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It lurks in Van Pelt, haunts students' dreams and sometimes is hard to detect, yet depression affects approximately 10 percent of all college students.

But a new treatment method -- called positive psychology -- is currently being developed on campus, gaining recognition nationwide and garnering approval from Counseling and Psychological Services at Penn.

According to the National Institute of Mental Heath, the prevalence of depression has been growing on campuses throughout the country, impacting nearly 19 million Americans.

Typically, in order to treat depression, "psychology looks at what's wrong with people," post-doctoral fellow Tracy Steen said.

However, "this field of psychology is half baked, only studying what's wrong with people and not what's right. We are studying this other half," Steen said.

Steen's description of the "other half" refers to a recent development in the field of psychology known as positive psychology.

Martin Seligman, a Fox Leadership professor of Psychology, developed this new field, having patients cultivate their signature strengths so they can "develop natural buffers against misfortune."

Positive psychology is still in its early stages but is indeed growing in popularity. In order to expand upon this field, student researchers -- including College seniors Katrina Goyco and Ross Bruch, along with College juniors Caroline Vendel and Rebecca Beyer -- are conducting a study entitled "Strengths in Close Relationships" for Seligman's research seminar.

These four researchers, according to Goyco, "will be examining the correlations between personal strengths and close relationships between friends, family and romantic partners."

In order to accomplish this goal, the study "is an extensive survey to gain insight into one's signature strengths, [which will prove] beneficial to both our subjects and the field of positive psychology," Beyer said, noting that the survey, along with other student research, can be found on the Web site for Penn's new Positive Psychology Center.

There are a total of 24 signature strengths that have been identified by Seligman, including qualities such as creativity, open-mindedness, authenticity, playfulness and an appreciation of beauty and excellence.

In order to establish this list of signature strengths, Seligman worked with University of Michigan professor Chris Peterson.

They "looked across many cultures and saw that these items were valued in all cultures, no matter what," Bruch said.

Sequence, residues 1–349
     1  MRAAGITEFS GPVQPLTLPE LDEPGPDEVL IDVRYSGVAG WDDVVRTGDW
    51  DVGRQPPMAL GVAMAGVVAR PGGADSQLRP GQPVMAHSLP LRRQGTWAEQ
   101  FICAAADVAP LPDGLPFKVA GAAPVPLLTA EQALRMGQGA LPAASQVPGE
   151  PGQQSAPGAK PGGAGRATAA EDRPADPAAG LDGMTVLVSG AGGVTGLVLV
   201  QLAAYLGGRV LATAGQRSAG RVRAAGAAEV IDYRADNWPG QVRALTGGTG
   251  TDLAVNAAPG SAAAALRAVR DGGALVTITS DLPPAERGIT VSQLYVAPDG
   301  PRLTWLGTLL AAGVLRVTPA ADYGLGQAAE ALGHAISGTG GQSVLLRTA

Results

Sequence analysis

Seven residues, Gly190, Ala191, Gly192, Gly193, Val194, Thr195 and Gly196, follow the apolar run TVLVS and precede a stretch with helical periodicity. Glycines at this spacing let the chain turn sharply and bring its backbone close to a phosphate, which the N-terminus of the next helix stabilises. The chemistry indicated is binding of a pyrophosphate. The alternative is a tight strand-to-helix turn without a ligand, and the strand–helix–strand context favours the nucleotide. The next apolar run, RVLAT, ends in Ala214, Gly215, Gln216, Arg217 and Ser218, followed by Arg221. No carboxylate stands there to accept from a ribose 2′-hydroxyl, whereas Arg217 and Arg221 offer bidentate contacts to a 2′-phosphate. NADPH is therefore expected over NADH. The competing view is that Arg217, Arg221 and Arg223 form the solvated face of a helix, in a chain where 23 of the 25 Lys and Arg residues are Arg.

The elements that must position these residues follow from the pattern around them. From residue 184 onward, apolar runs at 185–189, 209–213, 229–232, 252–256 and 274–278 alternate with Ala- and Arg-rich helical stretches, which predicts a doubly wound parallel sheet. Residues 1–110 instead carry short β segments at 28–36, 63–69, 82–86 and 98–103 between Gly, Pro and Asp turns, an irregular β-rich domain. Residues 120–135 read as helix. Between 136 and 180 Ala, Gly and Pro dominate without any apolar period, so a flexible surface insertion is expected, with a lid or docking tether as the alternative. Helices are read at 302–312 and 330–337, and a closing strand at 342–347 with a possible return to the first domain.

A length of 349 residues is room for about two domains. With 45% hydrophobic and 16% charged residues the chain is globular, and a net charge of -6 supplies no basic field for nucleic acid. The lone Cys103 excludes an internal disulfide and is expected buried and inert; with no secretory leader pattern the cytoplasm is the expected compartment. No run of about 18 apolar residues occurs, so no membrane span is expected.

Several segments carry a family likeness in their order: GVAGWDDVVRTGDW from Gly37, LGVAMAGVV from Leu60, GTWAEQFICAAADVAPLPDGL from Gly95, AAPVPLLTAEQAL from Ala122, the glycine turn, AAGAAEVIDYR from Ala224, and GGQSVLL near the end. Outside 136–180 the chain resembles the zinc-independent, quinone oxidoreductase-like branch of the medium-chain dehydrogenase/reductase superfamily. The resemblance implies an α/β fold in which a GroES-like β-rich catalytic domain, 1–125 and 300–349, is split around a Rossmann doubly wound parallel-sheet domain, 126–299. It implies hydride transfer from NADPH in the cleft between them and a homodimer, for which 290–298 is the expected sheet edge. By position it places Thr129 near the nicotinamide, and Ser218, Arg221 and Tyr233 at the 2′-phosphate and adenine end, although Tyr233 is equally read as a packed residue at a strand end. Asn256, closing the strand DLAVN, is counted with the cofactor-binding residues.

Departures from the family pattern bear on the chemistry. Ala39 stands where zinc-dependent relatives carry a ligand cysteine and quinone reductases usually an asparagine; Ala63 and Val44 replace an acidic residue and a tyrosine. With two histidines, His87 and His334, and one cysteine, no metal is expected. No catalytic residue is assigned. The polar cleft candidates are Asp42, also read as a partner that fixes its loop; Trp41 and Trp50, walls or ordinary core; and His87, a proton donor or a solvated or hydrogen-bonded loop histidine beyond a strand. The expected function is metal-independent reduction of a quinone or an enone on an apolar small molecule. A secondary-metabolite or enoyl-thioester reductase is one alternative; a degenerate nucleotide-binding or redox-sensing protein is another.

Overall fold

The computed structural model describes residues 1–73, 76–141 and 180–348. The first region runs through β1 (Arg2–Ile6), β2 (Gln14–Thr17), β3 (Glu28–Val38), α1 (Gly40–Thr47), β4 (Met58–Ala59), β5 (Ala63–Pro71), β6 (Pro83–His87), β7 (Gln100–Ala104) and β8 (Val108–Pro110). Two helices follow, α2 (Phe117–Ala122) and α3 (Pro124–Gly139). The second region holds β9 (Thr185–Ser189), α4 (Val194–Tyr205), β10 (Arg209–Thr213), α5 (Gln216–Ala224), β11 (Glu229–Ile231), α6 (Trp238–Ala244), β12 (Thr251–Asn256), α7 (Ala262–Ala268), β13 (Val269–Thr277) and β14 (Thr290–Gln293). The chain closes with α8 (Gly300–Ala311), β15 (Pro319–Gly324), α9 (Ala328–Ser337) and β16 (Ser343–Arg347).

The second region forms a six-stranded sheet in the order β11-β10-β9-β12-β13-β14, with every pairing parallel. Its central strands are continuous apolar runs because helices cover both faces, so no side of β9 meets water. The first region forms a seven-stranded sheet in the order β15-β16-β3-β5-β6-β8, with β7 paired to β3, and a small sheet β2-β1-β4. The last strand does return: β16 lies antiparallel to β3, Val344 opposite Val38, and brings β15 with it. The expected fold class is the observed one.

"By finding out one's top five signature strengths, one can capitalize on them more and take part in activities that bring out such strengths," Goyco said.

While positive psychology "can't change one's chemical nature, [it provides] concrete methods to looking at lives differently [and] promoting welfare and strength to mold one's life accordingly," Vendel said.

The student research will use a sophisticated computer program to "spit out results" to study participants, Bruch said.

"Each participant will get a bar graph of his strengths, as well as the strengths of his family members, lovers or friends who also participate" in the experiment, Vendel said.

Vendel added that in addition to receiving these bar graphs, participants will get a list of activities that correspond to one's signature strengths. For example, if a couple finds that each partner has a love for beauty, they can go to a museum together, Vendel explained.

The researchers plan to submit their research to a professional publication to expand upon this new field.

While these students look to find what makes a relationship complete, Tayyab Rashid of CAPS at Penn is putting together a clinical proposal to incorporate positive psychology into the treatment of students.

According to Rashid, positive psychology can "fix deficits by enhancing strengths, but not discounting negative emotions."

Rashid proposes that students who come to CAPS to seek help will be given an option of a positive psychology treatment. This treatment will entail eight to 10 treatment sessions to assess patients' "psychopathology and strengths, [and to] determine one's five signature strengths, and then come up with eight to 10 ways to use these strengths," Rashid said.

While research is not yet complete and the proposals are still being written, researchers said that positive psychology has a hopeful future.

"What students can't stand to be a little happier?" Bruch asked.

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